About a month ago my wife asked me, "Have you seen that two-story house they demolished in the West Bank. Such a pity, it was such a beautiful house, made of white stone. Why did the Israelis destroy it? What did its owners do?" Her question hurt me very badly. When I saw the video earlier that day, I felt my heart sink so deep that I could not finish it. I just wanted to ignore it and pretend that it did not happen. I always wanted to have a house of my own, a two-story house that could accommodate my big family, built of white stone, exactly like this one.
"Do you think they really need a reason to demolish a Palestinian house? It could have been anything. They will use any pretext to inflict more suffering and misery on people to make them leave their homeland," I said. She nodded in bitterness, and somehow I felt lucky that I did not have my own house so I did not have to go through the painful experience of losing it.
Since Israel occupied the West Bank and Jerusalem in 1967, up until 2015 it has demolished, according to the Israeli Committee against House Demolitions, 48,488 Palestinian structures. During the Al-Aqsa Intifada (2000-2005) Israel razed to the ground 3,000 homes. Israel's official answer to that was: "This measure is employed to provide effective deterrence of perpetrators and their despatchers, not as a punitive measure."
Some Palestinians have lost their houses not once but sometimes three times, along with all their furniture and valuables. Recently, especially in the Gaza Strip, Israel resorted to what they call warning the owners of the house, either by calling them on their cell phones and if they could not reach them their neighbours, asking them to leave their houses in 10 minutes. Since the first Gaza war (2008-2009) they developed a more effective method called "roof knocking," where they would drop non-explosive or low-yield devices on the roofs of targeted homes.
If you fail to get the message or refuse to leave your house then you have to bear the consequences, similar to what happened to the well-known Gaza scholar and Hamas leader Nizar Rayyan and his family members. He and his entire family consisting of 16 people immediately perished, 11 of them children, when they were hit with three missiles fired from American-made F-16 jets. The five-story building collapsed to the ground along with two neighbouring houses. A total of 46 people were injured out of which 16 were children who suffered from shock.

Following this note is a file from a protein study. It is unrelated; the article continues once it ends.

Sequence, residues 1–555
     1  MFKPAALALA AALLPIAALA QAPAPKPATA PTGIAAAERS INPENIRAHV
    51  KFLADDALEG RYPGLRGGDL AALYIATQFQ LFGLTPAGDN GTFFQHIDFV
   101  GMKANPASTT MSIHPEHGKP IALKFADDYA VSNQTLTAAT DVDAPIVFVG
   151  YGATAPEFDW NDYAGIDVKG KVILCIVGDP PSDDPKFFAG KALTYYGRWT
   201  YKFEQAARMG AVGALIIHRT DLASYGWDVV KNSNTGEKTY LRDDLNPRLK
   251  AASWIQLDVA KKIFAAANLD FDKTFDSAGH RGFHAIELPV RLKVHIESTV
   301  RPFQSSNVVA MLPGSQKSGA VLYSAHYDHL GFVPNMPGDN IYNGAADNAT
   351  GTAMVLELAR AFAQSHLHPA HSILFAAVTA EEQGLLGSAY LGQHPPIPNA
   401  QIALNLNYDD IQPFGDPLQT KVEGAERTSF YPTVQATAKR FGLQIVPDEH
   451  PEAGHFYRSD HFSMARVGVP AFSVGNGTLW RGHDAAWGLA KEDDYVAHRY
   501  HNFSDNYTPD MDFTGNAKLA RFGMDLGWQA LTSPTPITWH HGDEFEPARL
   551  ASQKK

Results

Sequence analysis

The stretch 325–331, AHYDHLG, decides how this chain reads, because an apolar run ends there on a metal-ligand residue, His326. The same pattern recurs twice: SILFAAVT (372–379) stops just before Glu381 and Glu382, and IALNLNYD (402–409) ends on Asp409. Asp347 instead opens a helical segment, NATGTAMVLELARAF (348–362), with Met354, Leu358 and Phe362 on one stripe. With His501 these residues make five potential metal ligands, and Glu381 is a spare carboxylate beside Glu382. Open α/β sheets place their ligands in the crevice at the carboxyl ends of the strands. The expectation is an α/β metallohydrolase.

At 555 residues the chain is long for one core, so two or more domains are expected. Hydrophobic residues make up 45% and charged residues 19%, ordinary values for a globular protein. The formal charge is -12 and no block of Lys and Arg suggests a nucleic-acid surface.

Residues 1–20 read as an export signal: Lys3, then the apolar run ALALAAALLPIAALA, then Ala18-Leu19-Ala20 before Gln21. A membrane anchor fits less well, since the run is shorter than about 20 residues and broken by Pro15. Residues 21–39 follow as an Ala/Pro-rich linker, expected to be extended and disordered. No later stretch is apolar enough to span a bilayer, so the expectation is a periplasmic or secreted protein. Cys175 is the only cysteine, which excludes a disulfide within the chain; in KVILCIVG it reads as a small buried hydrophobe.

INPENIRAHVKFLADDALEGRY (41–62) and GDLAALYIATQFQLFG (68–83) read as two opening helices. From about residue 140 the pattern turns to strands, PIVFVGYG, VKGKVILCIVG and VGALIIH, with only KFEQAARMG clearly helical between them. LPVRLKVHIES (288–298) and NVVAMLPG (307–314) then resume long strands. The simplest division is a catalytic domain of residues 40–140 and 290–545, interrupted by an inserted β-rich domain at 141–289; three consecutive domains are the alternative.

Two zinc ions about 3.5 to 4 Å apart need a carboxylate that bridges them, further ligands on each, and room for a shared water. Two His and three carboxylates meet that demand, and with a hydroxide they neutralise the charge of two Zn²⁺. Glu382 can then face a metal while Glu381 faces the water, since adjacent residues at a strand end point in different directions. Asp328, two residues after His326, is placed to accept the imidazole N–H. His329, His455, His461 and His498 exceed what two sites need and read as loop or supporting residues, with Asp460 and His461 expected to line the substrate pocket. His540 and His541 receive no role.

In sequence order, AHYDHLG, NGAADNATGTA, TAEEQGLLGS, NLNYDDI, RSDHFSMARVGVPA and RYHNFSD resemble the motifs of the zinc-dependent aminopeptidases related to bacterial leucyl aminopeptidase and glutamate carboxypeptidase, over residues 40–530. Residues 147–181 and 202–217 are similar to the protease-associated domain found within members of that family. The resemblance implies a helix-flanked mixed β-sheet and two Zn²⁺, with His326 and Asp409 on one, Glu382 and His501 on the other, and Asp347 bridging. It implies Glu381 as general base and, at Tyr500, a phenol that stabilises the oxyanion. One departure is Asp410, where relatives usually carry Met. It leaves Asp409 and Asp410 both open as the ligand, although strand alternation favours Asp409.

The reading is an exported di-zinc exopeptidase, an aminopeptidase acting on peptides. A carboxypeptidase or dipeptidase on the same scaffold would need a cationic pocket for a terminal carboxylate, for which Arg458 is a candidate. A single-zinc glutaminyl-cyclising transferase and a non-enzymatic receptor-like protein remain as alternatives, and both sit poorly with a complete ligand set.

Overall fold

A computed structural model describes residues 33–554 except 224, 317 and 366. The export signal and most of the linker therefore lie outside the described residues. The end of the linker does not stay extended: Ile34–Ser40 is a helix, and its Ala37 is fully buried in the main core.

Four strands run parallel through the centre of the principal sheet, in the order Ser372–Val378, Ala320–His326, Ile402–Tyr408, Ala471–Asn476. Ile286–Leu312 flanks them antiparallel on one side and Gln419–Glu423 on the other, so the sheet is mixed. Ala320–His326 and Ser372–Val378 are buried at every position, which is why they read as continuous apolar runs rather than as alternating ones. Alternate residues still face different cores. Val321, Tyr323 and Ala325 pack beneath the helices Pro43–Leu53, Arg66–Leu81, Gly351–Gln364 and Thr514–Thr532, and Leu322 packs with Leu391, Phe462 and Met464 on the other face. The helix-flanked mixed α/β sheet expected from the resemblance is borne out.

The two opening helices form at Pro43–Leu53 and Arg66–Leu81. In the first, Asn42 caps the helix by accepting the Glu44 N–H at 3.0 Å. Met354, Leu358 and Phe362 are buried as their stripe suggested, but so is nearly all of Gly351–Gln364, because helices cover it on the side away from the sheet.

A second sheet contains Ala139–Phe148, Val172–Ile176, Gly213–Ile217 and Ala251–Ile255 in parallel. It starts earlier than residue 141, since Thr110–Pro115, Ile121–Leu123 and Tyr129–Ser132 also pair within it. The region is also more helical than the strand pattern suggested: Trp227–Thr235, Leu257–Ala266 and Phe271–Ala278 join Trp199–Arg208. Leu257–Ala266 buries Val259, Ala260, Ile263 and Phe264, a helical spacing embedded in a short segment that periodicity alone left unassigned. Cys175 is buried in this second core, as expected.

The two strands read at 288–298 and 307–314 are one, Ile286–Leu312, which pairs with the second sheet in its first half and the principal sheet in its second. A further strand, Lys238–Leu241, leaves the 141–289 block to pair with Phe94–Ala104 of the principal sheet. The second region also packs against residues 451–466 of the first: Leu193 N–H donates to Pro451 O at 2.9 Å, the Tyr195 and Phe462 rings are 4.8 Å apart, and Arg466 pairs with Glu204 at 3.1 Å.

In another infamous case, about seven years prior to that on 23 July 2003, American-made F-16 jets dropped a one tonne bomb on a three-story building, which collapsed with eight other neighbouring buildings in one of the most densely crowded neighbourhoods in the Gaza Strip. Salah Shehadeh, the top military commander of Hamas, along with his wife, his daughter and 15 other Palestinians were killed, including eight children, one of which was only two-months-old, while 170 other people suffered from injuries.
Moshe Ya'alon, then chief of Israeli general staff, declared that they took the decision knowing that Shahadeh's wife and children were with him in the same house. Top Israeli officials including defence minister Binyamin Ben-Eliezer, his military advisor, Michael Herzog, former chief of staff Moshe Ya'alon and commander of the Israeli Air Force, Dan Halutz, were involved in the incident. Six of the victims sued them at a Spanish court and requested that they be tried as war criminals.
Terrorists and war criminals in Israel are never punished. On the contrary, they become prime ministers, such as David Ben-Gurion, Menachim Begin, Yitzhak Shamir, Ehud Barak and Ariel Sharon. In a revenge incident Ariel Sharon who commanded Special Unit 101 sneaked at night into the village of Qibya in the West Bank, planted mines around its houses and blew them up while their people were asleep. Forty-five houses, a mosque and a school were destroyed. At least 69 people were killed, about 70 per cent of them women and children. The international community, including the United States, condemned the "shocking raid". The United Sates even suspended military aid and called for a trial and "the conviction of those responsible".
David Ben-Gurion, who authorised the massacre, retained his post as Prime Minister of Israel, while Sharon was considered a hero and eventually became in 2001 the Prime Minister of Israel. During that period he committed a countless number of atrocities including overseeing the Sabra and Shatila massacre in Lebanon in 1982 that resulted in the killing of 3,500 civilians at the hand of his Maronite allies and under his direction and supervision.
Surprisingly, investigations made by the Israelis proved that collective punishment, in particular demolishing houses, do not deter Palestinian attackers. They flare Palestinian anger and convince more young people to join the struggle leading to more death on both sides. The only explanation to this inhumane and fruitless punishment is to help Israel politicians present themselves as strong and capable of bringing security to illegal settlers in the West Bank and the rest of occupied Palestine. Until that day when the international community succeed in stopping Israeli crimes Palestinian children and civilians will continue to pay the price for Israeli political victories.
The views expressed in this article belong to the author and do not necessarily reflect the editorial policy of Middle East Monitor.